The Heart’s Story

Saturday morning. Blue jay screaming in the crape myrtle tree. Another nearby screams in reply. Noisy obnoxious birds. Same damn thing over and over. Lance has finished licking his feet and now contemplates the pink drifting flowers as the wind brings them down from the branches. He stands up and coughs through the screen at a passing Yorkie. Lance doesn’t have the energy for a full-throated objection this morning, but each passing dog must be observed and duly noted. Because . . . that’s how it works on this porch.

There is a change in the air. I don’t know what yet, if it is an inner or outer change, yet a palpable shift in the weather hangs overhead without obvious signifiers. The sun is shining, but the wind smells like a storm.

Emily is exhausted today. Her mood reflects mine.

#1010, c. 1865

Up Life’s Hill with my little Bundle
If I prove it steep —
If a Discouragement withhold me —
If my newest step

Older feel than the Hope that prompted —
Spotless be from blame
Heart that proposed as Heart that accepted
Homelessness, for Home —

Here is the plain that opens from intense struggle, before her agile mind has had a chance to make sense of what happened. The blasted space, empty of hope or distrustful of hope, that characterizes the struggle. Before she can integrate it or find a context she has to own the hopelessness. Interesting, the word factory between her ears never rests. So she has to write about it. But what can one write about such an experience? Here she writes about a place of not knowing. Of pure experience. Trouble and the Heart’s response. In this space of discouragement, the heart that lacks common sense can hardly be blamed for believing only what stands before it. All hearts lack common sense. This is the definition of the heart’s function. Common sense exists northward of the heart. Don’t expect common sense from the heart.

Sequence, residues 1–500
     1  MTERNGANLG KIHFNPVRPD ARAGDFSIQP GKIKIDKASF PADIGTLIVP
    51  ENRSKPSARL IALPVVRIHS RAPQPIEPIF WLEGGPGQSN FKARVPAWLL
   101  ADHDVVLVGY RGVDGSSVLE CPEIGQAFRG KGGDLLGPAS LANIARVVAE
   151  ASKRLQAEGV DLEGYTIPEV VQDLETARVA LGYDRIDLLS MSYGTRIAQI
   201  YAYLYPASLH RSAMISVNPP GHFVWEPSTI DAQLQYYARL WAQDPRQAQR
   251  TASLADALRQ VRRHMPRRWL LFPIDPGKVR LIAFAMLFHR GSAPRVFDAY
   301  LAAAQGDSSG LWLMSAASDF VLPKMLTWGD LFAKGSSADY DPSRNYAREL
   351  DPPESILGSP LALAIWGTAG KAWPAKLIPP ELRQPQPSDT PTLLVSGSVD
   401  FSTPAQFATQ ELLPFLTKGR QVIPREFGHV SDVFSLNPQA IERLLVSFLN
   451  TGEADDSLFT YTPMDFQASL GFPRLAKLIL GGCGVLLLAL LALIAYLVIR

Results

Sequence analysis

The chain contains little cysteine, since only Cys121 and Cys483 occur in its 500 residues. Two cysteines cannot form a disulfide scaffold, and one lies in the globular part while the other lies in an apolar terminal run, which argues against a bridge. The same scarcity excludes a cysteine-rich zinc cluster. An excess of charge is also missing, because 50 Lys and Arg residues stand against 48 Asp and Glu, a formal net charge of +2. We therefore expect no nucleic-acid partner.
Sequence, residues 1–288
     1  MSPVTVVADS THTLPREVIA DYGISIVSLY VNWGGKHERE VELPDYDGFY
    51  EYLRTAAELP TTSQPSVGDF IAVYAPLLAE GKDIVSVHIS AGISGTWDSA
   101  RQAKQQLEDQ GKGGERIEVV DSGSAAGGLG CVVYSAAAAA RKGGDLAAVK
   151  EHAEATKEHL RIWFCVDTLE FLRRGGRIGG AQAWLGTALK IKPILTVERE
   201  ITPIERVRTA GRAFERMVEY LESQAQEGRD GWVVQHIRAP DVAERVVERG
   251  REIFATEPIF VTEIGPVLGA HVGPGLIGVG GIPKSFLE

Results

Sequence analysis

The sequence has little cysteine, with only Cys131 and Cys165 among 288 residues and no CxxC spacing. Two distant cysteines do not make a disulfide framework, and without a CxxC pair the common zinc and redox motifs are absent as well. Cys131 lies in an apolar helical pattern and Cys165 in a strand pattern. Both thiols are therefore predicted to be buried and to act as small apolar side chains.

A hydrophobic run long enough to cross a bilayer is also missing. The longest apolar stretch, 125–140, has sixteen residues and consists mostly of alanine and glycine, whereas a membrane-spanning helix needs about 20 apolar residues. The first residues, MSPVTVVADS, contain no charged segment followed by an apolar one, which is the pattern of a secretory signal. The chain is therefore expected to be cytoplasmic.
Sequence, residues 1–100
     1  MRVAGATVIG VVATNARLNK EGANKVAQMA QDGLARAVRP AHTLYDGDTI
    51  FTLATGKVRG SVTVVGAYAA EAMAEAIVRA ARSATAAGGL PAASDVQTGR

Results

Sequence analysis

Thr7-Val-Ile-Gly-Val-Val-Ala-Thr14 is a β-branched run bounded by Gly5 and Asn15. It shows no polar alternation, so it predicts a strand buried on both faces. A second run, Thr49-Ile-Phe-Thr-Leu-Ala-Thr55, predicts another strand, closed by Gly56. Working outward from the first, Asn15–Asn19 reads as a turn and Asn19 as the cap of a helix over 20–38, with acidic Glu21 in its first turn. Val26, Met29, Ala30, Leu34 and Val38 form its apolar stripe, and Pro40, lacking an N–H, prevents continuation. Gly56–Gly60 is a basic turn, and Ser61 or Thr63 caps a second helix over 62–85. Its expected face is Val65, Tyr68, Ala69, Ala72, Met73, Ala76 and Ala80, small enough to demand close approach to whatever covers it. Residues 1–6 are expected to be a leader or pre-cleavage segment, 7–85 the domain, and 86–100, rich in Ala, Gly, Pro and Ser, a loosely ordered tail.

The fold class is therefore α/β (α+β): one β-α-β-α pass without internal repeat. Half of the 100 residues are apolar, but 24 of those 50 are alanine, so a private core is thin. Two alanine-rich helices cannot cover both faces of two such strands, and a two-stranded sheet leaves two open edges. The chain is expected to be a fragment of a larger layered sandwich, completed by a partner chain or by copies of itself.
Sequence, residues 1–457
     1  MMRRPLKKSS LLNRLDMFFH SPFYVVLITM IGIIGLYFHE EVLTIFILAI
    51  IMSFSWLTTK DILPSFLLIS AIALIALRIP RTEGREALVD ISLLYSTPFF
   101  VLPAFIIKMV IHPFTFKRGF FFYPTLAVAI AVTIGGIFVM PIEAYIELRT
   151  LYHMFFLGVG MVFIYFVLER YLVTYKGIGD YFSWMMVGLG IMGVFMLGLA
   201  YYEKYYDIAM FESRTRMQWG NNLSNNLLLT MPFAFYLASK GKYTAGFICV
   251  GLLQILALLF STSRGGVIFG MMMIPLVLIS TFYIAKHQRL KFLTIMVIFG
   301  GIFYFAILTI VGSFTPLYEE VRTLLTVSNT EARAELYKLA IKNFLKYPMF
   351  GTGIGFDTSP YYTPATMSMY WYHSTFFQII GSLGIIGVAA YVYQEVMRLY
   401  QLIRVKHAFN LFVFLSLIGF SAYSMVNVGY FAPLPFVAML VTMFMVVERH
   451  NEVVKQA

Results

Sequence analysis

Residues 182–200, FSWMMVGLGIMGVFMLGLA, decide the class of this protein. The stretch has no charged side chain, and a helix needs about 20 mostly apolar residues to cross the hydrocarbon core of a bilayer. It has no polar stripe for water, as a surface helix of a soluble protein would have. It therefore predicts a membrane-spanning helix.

The heart is a child who only knows this immediate moment, whether joy or despair. Whether safety or homelessness. This heart in concert with the struggling body that encloses it will make real and eternal (for the moment, for all eternity lies in a moment by the Heart’s calendar) what may appear to the common sensical adult mind as just another problem to be solved.

Emily’s compassion for her own believing heart is so moving. She possesses a tender understanding of her own willingness to accept the truth as her heart knows it, as a legitimate truth, even though she is big enough to see all sides of the trouble. She honors that childlike belief in her heart’s own story. Though the story may be despair, Emily will not dismiss the integrity of her heart’s announcement of itself. That would be disloyal and ultimately false. A denial of the heart’s story, however childlike, is a lie.

It’s all story, and it’s all true. The story may change with the weather. Still it’s a true story.

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